Prioritizing Who for Formal Learning LO20549

Marc Coenders (
Tue, 2 Feb 1999 17:22:12 +0100

Replying to LO20537 --

Linda Wing's quenstions:
>....Is learning for empowerment within process
>re-engineering empowerment, or another form of control of the individual
>working within the process? These rhetorical questions foster deep
>insight when I am working with clients who wish to create learning in
>their organizations for empowerment. Sometimes we are so deep into our
>own paradigms that we can't see that we are manifesting more of the same
>type of social experience through attempting to remedy our current way of
>doing business.

More thoughts on learning... and an upcoming question

In addition to the contribution of Linda, I would like to stress the
process character of learning. There are indeed multiple ways of learning,
but the word 'way' is significant. Learning as a process is often
discussed as a matter of cyclic and/or linear subprocesses. But to me
certain meta aspects (e.g. attitude towards learning) and relational
aspects (e.g. the position or perspective towards a subject matter or an
object) are important. Learning is much more unique than we
(professionals in learning and development) often assume. This is even the
case when learning math. Children are already very creative in finding
and/or adjusting methods to solve math problems. The Freudenthal institute
in Holland researched this in normal classroom teaching situation. Within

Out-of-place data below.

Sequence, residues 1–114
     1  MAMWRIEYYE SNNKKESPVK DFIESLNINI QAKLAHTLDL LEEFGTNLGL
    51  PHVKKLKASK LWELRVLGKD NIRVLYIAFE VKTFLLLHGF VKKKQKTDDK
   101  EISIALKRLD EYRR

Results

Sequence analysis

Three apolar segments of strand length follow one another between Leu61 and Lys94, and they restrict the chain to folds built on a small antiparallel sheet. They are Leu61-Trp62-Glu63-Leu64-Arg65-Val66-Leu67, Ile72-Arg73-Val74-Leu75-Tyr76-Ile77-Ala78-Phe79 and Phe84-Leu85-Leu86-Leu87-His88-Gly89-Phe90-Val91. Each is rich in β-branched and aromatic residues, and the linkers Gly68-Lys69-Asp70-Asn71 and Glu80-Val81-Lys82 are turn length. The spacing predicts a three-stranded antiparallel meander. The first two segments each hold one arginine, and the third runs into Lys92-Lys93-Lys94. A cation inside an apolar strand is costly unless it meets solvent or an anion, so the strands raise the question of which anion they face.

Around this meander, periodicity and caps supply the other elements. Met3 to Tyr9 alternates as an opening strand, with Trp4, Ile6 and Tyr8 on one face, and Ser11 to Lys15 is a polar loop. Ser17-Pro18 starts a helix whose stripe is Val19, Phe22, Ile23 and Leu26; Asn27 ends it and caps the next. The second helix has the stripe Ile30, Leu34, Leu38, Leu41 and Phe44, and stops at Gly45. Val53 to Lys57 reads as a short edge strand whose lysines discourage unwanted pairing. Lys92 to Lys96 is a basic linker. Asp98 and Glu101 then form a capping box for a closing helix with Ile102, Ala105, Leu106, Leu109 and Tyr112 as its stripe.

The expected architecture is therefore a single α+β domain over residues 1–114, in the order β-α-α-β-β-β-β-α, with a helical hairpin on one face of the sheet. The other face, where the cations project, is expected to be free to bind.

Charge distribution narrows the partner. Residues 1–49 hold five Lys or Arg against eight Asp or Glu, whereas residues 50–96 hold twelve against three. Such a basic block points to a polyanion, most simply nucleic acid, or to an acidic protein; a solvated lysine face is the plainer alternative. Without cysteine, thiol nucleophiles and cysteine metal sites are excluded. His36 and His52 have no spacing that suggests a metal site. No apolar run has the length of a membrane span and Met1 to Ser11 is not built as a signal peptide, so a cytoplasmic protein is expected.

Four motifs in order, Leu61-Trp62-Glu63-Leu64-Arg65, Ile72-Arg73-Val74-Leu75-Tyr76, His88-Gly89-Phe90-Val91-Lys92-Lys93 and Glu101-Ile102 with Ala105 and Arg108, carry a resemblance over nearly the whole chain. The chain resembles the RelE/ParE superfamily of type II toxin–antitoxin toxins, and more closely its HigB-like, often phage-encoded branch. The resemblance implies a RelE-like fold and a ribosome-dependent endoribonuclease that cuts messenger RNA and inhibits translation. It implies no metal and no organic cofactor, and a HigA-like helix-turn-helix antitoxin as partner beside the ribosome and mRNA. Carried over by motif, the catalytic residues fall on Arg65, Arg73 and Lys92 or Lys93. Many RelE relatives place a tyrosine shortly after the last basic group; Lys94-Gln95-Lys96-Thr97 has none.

a group of 30 pupils, 25 methods (some very different, some more
resembling) methods to rather simple math tasks were registered. Teaching
and approving only one method can really obstruct the learning process.

We have to recognize the existence of multiple perspectives and indeed
multiple truths. Certain situations appear to person A as a conflict, to
person B as a challenge, while person C approaches it as a destiny. If all
these persons want to make this situation to a learning event they have to
follow different ways. But on a meta level there may be similar aspects in
place. To participate, to be honest or to commit oneself to the
development of another person may for example beneficial to learning.

Professionals in learning and development try often to link learning
directly to the outcomes of learning tasks. But to me the changes in
perspectives (mental models and accompanying feelings) and ultimately the
changing relation to the world are much more important. This approach is
applicable to personal growth as well as acquiring skills or becoming an

That certain failures, certain feelings, certain worries no longer occur
are the indicators for being on a learning way. The relation to the cause
of these failures, feelings, worries, etc. is changed. True learning makes
learning easier, brings joy.

Monteil, a French researcher, found that first year students (I believe it
were law students) highly improved their chance to finish study if they
construct a mental model of the work and typical working environment of a
layer or attorney. My preliminary opinion is that the process character of
learning can only be established when a person is connected or feels
connected to a tradition or community. I wonder if participants of this
list agree or disagree with this opinion. And how does this relate to
organizational learning?

Marc Coenders

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Drs. M.J.J. Coenders MLD
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T ++31.35.5431222
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